As the fortunes of the Confederacy grew dark in the spring of 1865, Navy and Marines personnel were brought to Drewry's Bluff and formed into fighting units such as Tucker's Naval Battalion which fought with distinction at the battle of Saylor's Creek. In addition, when Robert E. Lee surrendered his army at Appomattox Court House, it included four Marine officers and 21 enlisted Marines.
05-15-04, 03:25 PM
JOHN BROWN AT HARPERS FERRY: MARINES ANSWER THE CALL
On the morning of October 17th 1859, panic gripped Washington D.C. as word reached the Capital that John Brown of Kansas and a group of armed abolitionists seized the Federal Arsenal at Harpers Ferry Virginia and kidnapped several prominent citizens of the town. By noon, President James Buchanan had verified the facts of the situation and had taken action.
Troops from the Maryland and Virginia Militia were summoned to Harpers Ferry but the President wanted Federal troops to handle this situation. Accordingly, the 3rd US. Army Artillery Regiment at Fort Monroe was alerted however it soon became clear that army troops could not arrive on the scene for two days.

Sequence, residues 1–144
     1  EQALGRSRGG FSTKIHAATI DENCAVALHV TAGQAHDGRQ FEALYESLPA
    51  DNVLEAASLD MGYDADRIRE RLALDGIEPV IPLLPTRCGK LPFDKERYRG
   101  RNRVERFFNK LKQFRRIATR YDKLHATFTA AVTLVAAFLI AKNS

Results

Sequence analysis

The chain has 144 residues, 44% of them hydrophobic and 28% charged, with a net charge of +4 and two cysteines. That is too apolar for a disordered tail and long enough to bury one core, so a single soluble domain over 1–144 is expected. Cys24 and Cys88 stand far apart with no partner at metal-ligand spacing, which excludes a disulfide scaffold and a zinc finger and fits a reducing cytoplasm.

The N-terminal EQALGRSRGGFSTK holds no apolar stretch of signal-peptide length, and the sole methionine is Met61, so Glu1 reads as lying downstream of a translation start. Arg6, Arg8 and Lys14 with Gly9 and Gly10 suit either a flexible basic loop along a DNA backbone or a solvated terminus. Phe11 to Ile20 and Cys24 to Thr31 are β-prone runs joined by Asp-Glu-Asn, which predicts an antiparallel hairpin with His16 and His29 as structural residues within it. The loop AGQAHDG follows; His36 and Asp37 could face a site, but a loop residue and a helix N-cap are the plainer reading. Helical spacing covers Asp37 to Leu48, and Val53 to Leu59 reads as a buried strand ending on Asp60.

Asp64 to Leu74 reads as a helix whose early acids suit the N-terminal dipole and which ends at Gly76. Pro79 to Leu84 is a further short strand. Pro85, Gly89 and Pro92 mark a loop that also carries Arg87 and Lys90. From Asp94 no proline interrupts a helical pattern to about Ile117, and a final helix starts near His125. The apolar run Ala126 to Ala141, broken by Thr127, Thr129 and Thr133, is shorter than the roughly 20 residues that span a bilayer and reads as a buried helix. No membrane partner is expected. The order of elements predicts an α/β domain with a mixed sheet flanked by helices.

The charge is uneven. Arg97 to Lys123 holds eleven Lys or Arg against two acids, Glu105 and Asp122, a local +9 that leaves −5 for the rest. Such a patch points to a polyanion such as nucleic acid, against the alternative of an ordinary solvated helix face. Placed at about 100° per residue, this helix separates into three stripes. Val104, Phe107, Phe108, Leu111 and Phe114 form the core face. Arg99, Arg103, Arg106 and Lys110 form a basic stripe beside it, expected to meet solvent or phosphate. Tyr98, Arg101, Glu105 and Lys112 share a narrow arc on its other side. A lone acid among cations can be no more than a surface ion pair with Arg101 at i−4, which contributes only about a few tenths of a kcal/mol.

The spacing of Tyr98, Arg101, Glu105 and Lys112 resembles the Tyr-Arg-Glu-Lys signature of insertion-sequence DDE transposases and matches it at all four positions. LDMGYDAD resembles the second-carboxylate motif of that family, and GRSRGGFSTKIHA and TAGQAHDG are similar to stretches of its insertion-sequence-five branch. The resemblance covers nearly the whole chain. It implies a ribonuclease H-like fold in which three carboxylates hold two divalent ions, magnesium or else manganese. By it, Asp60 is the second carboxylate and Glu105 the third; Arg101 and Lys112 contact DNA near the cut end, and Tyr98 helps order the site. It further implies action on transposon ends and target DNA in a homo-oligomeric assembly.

Instead, Marines stationed at Marine Barracks Washington were pressed into service. By 3:20 PM a detachment of eighty-six marines commanded by 1st LT. Israel Greene USMC boarded a train bound for Harpers Ferry. Greene was assisted by Major
William Russell USMC Paymaster of the Corps who was sent to advise the young officer.
Secretary of War John Floyd had other ideas regarding the overall
commander of the operation. Lt. Col. Robert E. Lee U.S. Army was on leave in nearby Arlington Virginia preparing to report to the 2nd U.S. Cavalry in Texas. Orders were sent by courier to Colonel Lee. The courier was Lt. James E.B. Stuart who was waiting to meet with the Secretary of War. Stuart offered his services to Lee as aide de camp and the two headed for the War Department.
As the Marines hit the rails to danger, the situation in Harpers Ferry rapidly deteriorated. The Jefferson County Militia exchanged gunfire with Brown's band and two failed assaults on the engine house resulted in heavy casualties. The abolitionists killed Fontaine Beckham, the Mayor of Harpers Ferry, and the militia captured and killed William Thompson one of Brown's men.
The Marine detachment arrived at the Sandy Hook station near Harpers Ferry by 9:30 pm. Later in the evening they were joined by Colonel Lee and Lt. Stuart. By dawn on October 18th 1859, Lee, Stuart and Greene approached the arsenal and the compound was surrounded by Maryland and Virginia Militia.
Believing this to be a state matter, Lee offered both the Maryland and Virginia Militia the honor of storming the engine house
where a dozen of Brown men and hostages were . Both commanders declined and Colonel Lee turned to Lt. Greene and his Marines.